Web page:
A similar policy was ascribed to the ostrich, but it always ended in failure—for the ostrich.

Mr. Hutchinson’s question as to how the “theory” put forward in the Socialist Standard can “account for the increased quantity of currency being there when there was no price to have caused such increase” contradicts his own contention that an increase of currency is the cause of the rise in prices. Our answer is that we do not pretend to explain non-existences. At no period of the war was the total level of prices below the amount of currency. The rationing of certain articles of food and the fixing of certain prices did not make the slightest difference to this particular point.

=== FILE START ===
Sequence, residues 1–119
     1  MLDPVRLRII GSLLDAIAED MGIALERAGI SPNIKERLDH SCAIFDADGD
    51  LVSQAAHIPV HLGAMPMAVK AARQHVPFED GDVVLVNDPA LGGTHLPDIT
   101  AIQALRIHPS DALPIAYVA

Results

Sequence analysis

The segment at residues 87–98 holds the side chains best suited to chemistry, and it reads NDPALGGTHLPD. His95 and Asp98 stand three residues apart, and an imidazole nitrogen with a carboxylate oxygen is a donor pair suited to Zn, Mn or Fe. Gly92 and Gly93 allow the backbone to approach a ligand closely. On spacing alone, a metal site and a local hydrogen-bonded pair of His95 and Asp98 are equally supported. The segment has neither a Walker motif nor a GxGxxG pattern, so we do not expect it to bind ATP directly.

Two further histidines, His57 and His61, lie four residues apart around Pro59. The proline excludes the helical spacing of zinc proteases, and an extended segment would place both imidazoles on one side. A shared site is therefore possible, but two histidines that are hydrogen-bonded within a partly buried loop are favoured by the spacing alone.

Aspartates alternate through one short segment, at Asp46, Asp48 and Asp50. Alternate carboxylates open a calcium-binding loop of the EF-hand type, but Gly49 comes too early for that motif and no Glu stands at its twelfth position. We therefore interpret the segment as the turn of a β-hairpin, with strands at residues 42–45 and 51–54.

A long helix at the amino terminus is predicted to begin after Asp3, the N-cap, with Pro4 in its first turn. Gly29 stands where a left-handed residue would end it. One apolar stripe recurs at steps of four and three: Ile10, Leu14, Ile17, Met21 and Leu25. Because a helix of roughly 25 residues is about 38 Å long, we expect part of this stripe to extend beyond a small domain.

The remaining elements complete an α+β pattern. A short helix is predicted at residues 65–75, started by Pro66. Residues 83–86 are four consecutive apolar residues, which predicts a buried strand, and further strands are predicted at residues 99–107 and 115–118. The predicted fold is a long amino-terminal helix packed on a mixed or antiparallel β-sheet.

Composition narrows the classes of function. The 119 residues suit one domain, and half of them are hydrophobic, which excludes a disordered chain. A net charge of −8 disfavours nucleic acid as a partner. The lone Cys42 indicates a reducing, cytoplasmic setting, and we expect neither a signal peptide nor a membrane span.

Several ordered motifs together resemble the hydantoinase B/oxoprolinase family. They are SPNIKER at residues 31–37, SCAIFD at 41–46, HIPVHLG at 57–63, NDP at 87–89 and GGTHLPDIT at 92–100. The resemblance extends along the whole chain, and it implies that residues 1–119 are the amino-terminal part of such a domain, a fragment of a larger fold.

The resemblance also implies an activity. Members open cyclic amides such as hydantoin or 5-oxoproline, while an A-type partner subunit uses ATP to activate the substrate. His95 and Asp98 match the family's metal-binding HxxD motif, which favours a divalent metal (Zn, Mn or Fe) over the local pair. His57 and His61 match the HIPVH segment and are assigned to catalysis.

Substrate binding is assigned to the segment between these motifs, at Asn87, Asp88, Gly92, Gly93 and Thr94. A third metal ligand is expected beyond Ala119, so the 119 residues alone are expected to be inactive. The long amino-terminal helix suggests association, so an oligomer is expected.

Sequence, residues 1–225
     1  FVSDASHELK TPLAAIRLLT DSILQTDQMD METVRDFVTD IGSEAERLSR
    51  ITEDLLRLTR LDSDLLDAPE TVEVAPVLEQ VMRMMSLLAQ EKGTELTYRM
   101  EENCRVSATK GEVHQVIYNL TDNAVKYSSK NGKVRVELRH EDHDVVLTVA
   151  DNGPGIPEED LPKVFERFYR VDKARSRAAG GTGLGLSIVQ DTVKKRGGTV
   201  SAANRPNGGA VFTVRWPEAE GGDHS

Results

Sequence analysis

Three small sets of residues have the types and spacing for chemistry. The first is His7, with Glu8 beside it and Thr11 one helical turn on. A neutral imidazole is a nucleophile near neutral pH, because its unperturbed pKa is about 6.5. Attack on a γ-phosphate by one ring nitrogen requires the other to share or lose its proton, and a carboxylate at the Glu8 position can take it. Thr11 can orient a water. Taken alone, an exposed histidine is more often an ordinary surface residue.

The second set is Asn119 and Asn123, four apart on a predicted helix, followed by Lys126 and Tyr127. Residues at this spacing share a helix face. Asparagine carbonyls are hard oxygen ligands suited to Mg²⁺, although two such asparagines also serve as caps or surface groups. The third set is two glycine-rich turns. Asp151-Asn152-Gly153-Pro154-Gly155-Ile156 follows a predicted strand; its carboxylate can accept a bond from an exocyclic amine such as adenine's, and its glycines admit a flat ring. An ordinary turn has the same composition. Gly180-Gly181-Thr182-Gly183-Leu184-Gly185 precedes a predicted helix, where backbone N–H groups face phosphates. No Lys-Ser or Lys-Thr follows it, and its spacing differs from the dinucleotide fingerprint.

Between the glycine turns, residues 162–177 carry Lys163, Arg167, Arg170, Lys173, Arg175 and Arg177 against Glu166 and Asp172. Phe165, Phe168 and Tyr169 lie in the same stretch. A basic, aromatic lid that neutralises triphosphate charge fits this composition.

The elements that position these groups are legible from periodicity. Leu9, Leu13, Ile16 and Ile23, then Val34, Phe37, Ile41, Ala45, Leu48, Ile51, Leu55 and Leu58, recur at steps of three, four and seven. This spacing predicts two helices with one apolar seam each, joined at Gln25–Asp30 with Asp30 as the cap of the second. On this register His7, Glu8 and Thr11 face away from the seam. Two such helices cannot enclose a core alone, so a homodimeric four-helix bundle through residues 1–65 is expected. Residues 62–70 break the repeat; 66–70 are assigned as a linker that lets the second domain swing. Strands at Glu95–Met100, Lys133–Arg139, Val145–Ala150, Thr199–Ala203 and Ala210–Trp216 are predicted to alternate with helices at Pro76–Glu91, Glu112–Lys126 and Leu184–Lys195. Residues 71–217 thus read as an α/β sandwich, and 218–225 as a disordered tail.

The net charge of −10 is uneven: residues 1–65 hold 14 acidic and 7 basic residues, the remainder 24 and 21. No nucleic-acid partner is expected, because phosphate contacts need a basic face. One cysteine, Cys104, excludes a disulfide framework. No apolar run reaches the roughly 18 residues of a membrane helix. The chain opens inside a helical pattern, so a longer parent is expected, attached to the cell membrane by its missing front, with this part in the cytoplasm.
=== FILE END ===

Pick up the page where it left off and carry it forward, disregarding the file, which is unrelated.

When Mr. Hutchinson is prepared to collect and examine the facts before applying what he calls his “reason,” he may reach some glimmering of the truth. While he holds to his present method his quest will be hopeless.

The printer’s error that Mr. Hutchinson calls a "misquotation" (though it was easily seen to be an error by the most casual reader of the article) was overlooked until the issue was printed. The necessary correction was given in the January issue of the Socialist Standard.
Jack Fitzgerald